Table IV

Significant predictive factors (univariate and multivariate) for overall survival in Cox proportional-hazard analysis.

Table IV

Significant predictive factors (univariate and multivariate) for overall survival in Cox proportional-hazard analysis.

Prognostic factorUnivariate HR (95% CI)P valueMultivariate HR (95% CI)P value
Age0.723 (0.454-1.151)0.1711.436 (0.600-3.435)0.416
Sex1.147 (0.715-1.838)0.5701.414 (0.566-3.535)0.458
Race1.182 (0.704-1.984)0.5271.580 (0.624-4.000)0.334
Blood type0.910 (0.686-1.208)0.5141.518 (0.887 2.597)0.128
Location0.782 (0.473-1.292)0.3380.730 (0.297-1.793)0.493
Histological type0.974 (0.484-1.960)0.9420.380 (0.080 1.809)0.224
Differentiation0.753 (0.561-1.010)0.0590.717 (0.415-1.239)0.234
Gross type1.080 (0.718-1.626)0.7121.327 (0.590-2.980)0.494
CRM2.259 (1.198-4.260)0.012a2.997 (0.412-21.822)0.278
Perineural invasion1.869 (0.891-3.918)0.0980.196 (0.023-1.690)0.138
Vascular invasion2.269 (1.323-3.890)0.003a1.210 (0.317-4.612)0.780
T0.987 (0.722-1.350)0.9363.100 (1.159-8.292)0.024a
N1.476 (1.080-2.019)0.015a1.125 (0.480-2.639)0.786
M2.103 (1.264-3.496)0.004a0.048 (0.004-0.635)0.021a
Staging1.979 (1.380-2.840)0.001a8.141 (1.076-61.563)0.042a
Recurrence or metastasis6.844 (4.018-11.656)0.001a12.048 (3.310-3.852)0.001a
TFF11.427 (0.894-2.277)0.1371.311 (0.392-4.381)0.660
TFF35.645 (3.342-9.533)0.000a3.432 (1.056-11.155)0.040a
Tumor size0.975 (0.611-1.557)0.9170.321 (0.107-0.964)0.043a

a P<0.05 was considered to indicate a statistically significant difference.

Promoter methylation level of TFF1 and TFF3 and respective gene expression

To evaluate the potential association between the level of promoter methylation and respective gene expression, the promoter methylation patterns of TFF1 and TFF3 in 21 CRC samples and 10 adjacent normal samples were evaluated using MALDI-TOF-MS. A total of 527 CpG sites were observed and 465 sites (88.2%) were analyzed. A total of 10 promoter region units of TFF1 and 7 units of TFF3 were successfully detected (Fig. 2). The average methylation levels of the TFF1 or TFF3 promoter region in the CRC group were observed to be lower than those in normal group, although these differences were not statistically significantly (P=0.374 and P=0.145, respectively; Table VII). The methylation levels of each promoter unit of TFF1 or TFF3 did not markedly differ between the CRC group and normal group (Tables V and VI). Two way hierarchical cluster analysis also revealed that less dominant clustering was found in the cancer or normal tissues. The hierarchical cluster algorithm could not separate the colon cancer samples from the normal tissue samples (Fig. 3). In addition, following correlation analysis, no correlation was observed between the promoter methylation and expression of TFF1 or TFF3 (Tables VIII and IX, and Fig. 4).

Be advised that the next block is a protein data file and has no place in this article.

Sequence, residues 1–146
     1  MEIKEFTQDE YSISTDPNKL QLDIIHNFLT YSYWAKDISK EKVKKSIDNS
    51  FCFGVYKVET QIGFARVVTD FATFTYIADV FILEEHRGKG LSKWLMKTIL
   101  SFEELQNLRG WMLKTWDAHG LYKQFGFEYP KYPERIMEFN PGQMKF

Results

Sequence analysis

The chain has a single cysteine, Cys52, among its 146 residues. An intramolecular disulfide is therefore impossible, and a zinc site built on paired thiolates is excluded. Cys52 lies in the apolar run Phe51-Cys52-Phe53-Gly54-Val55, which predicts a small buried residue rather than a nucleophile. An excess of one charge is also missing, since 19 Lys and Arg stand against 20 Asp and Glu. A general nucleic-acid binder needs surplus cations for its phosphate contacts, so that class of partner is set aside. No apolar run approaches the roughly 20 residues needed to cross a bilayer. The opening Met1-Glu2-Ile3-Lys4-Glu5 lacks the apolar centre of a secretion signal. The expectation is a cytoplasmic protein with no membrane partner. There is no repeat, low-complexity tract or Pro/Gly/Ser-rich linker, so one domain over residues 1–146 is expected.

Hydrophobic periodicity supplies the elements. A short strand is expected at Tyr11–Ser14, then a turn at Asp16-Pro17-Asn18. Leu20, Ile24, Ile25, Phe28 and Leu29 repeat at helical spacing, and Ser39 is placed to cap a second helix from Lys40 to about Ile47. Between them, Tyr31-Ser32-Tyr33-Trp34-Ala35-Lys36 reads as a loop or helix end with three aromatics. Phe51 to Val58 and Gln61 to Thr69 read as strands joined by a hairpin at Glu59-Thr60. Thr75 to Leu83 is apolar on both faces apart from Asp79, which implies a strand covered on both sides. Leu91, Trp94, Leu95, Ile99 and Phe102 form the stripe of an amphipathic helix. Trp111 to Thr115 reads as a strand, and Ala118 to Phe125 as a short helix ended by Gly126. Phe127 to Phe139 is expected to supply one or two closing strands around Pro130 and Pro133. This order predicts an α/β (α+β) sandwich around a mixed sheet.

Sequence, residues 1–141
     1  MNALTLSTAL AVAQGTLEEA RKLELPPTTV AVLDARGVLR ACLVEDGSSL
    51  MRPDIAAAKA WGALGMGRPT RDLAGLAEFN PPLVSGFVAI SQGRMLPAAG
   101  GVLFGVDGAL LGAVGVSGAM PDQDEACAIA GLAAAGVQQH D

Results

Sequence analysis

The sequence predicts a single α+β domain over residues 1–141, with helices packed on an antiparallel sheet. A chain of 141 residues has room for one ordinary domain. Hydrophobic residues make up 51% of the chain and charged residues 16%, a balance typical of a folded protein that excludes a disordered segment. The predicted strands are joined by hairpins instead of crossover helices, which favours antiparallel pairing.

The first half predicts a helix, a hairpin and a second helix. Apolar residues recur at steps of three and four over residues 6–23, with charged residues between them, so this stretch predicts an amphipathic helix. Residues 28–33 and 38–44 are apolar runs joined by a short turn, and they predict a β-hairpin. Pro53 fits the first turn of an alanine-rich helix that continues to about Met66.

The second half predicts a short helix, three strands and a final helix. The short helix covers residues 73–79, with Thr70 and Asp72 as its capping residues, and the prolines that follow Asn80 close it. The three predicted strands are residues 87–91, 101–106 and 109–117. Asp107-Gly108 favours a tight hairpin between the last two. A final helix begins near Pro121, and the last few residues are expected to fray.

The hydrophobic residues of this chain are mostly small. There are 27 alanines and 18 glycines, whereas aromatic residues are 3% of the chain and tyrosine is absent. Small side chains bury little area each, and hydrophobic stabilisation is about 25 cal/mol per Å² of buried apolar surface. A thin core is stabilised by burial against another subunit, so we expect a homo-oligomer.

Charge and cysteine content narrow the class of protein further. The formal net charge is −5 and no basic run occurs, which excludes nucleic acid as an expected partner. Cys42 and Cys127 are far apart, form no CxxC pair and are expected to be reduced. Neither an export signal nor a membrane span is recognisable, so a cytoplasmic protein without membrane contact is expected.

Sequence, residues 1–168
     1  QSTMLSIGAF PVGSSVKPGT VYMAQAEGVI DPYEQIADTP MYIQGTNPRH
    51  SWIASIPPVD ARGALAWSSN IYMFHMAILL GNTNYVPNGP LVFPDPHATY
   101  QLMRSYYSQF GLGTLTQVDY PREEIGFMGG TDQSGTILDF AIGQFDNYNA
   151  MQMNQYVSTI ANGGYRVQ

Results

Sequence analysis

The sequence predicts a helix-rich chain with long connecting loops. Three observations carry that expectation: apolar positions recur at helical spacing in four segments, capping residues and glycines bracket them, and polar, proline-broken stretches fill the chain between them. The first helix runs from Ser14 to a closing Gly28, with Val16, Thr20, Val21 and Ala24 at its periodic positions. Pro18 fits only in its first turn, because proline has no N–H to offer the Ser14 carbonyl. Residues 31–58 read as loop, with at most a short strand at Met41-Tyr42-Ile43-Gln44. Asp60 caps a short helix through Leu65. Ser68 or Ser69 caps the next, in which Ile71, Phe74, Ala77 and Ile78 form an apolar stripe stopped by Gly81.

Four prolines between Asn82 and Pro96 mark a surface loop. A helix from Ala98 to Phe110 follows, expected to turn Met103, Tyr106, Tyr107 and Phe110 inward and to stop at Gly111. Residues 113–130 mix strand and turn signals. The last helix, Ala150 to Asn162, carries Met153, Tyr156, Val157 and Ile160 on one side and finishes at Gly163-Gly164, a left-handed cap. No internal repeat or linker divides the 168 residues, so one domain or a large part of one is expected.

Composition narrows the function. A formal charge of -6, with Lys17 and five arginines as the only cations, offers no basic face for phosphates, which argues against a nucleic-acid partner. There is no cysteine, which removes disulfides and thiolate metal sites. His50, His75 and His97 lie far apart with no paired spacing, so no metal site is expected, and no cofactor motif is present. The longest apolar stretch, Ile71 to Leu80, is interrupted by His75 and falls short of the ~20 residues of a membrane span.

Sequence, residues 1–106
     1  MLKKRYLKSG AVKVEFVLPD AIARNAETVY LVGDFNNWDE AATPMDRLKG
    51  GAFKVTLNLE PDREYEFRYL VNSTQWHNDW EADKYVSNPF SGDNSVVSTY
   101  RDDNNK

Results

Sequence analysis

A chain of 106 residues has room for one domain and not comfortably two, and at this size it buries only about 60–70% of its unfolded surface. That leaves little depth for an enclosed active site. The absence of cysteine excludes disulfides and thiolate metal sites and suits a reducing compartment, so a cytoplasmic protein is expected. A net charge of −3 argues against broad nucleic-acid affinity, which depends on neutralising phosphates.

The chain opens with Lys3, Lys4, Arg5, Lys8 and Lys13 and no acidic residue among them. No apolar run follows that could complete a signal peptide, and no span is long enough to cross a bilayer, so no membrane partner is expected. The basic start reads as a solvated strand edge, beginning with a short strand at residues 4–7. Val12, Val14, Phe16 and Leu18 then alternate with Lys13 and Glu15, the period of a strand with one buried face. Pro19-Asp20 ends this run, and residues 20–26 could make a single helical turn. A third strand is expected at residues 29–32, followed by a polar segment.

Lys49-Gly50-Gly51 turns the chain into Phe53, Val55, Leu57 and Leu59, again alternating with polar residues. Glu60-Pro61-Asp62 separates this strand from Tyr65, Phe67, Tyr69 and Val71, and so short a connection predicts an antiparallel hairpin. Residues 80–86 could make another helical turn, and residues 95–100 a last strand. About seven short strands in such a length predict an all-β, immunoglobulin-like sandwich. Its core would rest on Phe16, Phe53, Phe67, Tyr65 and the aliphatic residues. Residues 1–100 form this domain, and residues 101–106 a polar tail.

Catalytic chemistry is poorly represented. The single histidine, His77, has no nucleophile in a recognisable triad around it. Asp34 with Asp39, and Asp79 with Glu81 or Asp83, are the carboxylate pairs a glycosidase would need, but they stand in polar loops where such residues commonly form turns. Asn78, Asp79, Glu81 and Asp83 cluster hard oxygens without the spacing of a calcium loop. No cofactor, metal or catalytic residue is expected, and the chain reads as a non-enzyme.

Table VII

Comparison of average methylation level of TFF1 and TFF3 between normal and cancer groups.

Table VII

Comparison of average methylation level of TFF1 and TFF3 between normal and cancer groups.

CpGAverage methylation levels (means ± SD)
P-value
Colorectal cancerNormal
TFF1_010.401±0.1430.441±0.0970.374
TFF3_010.444±0.1570.508±0.0820.145

[i] P<0.05 was considered to indicate a statistically significant difference (Mann Whitney U test. TFF, trefoil factor.

Table V

Comparison of average methylation levels in different CPG sites of TFF1 between normal and cancer groups.

Table V

Comparison of average methylation levels in different CPG sites of TFF1 between normal and cancer groups.

CpGAverage methylation levels (means ± SD)
P value
Colorectal cancerNormal
TFF1_01_CpG_10.368±0.1790.422±0.1640.416
TFF1_01_CpG_20.312±0.1560.347±0.1520.564
TFF1_01_CpG_30.637±0.3630.644±0.3860.960
TFF1_01_CpG_40.392±0.1300.436±0.0990.312
TFF1_01_CpG_50.350±0.1770.410±0.1680.377
TFF1_01_CpG_60.392±0.1300.436±0.0990.312
TFF1_01_CpG_70.333±0.1410.350±0.0630.642
TFF1_01_CpG_80.432±0.1700.501±0.1320.228
TFF1_01_CpG_12.130.394±0.1630.421±0.0610.506

[i] P<0.05 was considered to indicate a statistically significant difference (Mann Whitney U test). TFF, trefoil factor.

Table VI

Comparison of average methylation levels in different CPG sites of TFF3 between normal and cancer groups.

Table VI

Comparison of average methylation levels in different CPG sites of TFF3 between normal and cancer groups.